ALMOST alone among Sheffield’s Italian restaurants you can’t get a pizza at the latest to open, Grazie on Leopold Street. Not even a pizza Margherita.
But there is a Margherita. She makes the pasta.
Traditionally back home the best pasta is made by ageing Nonnas with bulging biceps who have been kneading and folding and rolling all their lives. The Margherita who makes the three types of pasta here is all of 21 and, not having seen her, I can’t speak for her biceps. But she has brought her mum with her! It’s glorious.
This is the lightest, springiest, toothsome pasta I’ve eaten for some time. I’m having main course orecchiette, ear-shaped pasta made with fine semolina (as is the shell-shaped cavatelli) in my Amore Pugliese (£9.25). It’s tossed with the stems of cimi di rapa, wild broccoli, anchovies, chilli, garlic and breadcrumbs for extra texture.
You could almost imagine being, if you ignore the double-deckers rolling by the restaurant’s picture windows, hundreds of miles away in a ristorante fanned by Mediterranean breezes.
Grazie, with a mostly Puglian regional menu, is owned and run by Vito Vernia, from that province via Piccolino in ,where he was general manager. Margherita is also from Puglia so she knows exactly the sort of pasta needed.
Grazie has already been widely praised, not least by my pal Craig Harris, whose review you can read here . I’d just like to add a few comments.
I don’t just like to leave a restaurant with, hopefully, a happy tummy full of good food, but an idea or two I can try at home when I’m feeling particularly cheffy. And, my word, there were quite a few at Grazie.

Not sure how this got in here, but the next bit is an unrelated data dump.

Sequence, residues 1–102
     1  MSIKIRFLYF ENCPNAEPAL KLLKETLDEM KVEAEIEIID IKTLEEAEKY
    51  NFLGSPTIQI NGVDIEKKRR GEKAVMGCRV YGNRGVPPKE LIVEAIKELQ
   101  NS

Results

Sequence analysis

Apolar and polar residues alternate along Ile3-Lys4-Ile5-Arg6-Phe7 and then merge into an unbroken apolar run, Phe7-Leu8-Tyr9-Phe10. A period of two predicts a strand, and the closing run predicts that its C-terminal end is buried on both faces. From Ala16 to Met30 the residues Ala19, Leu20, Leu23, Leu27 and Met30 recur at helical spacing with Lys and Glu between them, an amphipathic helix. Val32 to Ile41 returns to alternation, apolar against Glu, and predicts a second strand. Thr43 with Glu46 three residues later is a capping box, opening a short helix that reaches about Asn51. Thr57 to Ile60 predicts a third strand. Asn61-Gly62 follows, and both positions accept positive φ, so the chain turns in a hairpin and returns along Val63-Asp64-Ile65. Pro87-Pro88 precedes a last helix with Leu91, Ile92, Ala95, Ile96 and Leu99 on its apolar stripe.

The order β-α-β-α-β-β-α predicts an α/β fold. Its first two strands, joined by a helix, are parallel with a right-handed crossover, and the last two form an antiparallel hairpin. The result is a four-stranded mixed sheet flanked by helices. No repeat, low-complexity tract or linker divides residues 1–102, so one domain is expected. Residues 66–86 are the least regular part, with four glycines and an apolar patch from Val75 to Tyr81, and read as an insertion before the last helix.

Craig and his wife Marie have already made one visit and he’s back, this time with us. And I’m eyeing up his main course sausage and mash. But it’s not as we know it.
There are two butterflied Italian sausages, as juicy and spicy as you could want, which have been griddled so there are perfect parallel lines. Instead of mash there’s a pool of broad bean puree and a garnish of caramelised red onions.
Fave e salsicca (sounds better already, doesn’t it?) is very tasty and I think I’ll give it a go, although I want to replace the broad beans with mashed potatoes. And I can’t help thinking that £14 is a bit steep for a couple of bangers, no matter how good.
There are lots of interesting things here. The semolina-rich Altamuran bread is excellent, particularly as a bruschetta tipica (£6.50). It’s smeared with some of that broad bean puree and topped with more cimi di rapa, the leaves this time, crispy onions, chilli and extra virgin olive oil. I love the Italian way of using two different parts of the broccoli. You won’t find it over here but try tenderstem or purple sprouting.
Graizie is in the premises of what used to be the Prosecco Lounge and reminds me a little of the early days of Gusto, then round the corner in Church Street, with its burst of new (to Sheffield) ideas and lively cooking.
Vito is married to Elena and you might see her and their new young baby Joseph popping into the restaurant during the day.
Grazie does coffee and cakes until 12 then the full menu operates through the afternoon and evening. There’s plenty more on the menu for us to explore – and we will.
1-3 Leopold Street, SheffieldS1 2GY. Web: http://www.graziesheffield.co.uk
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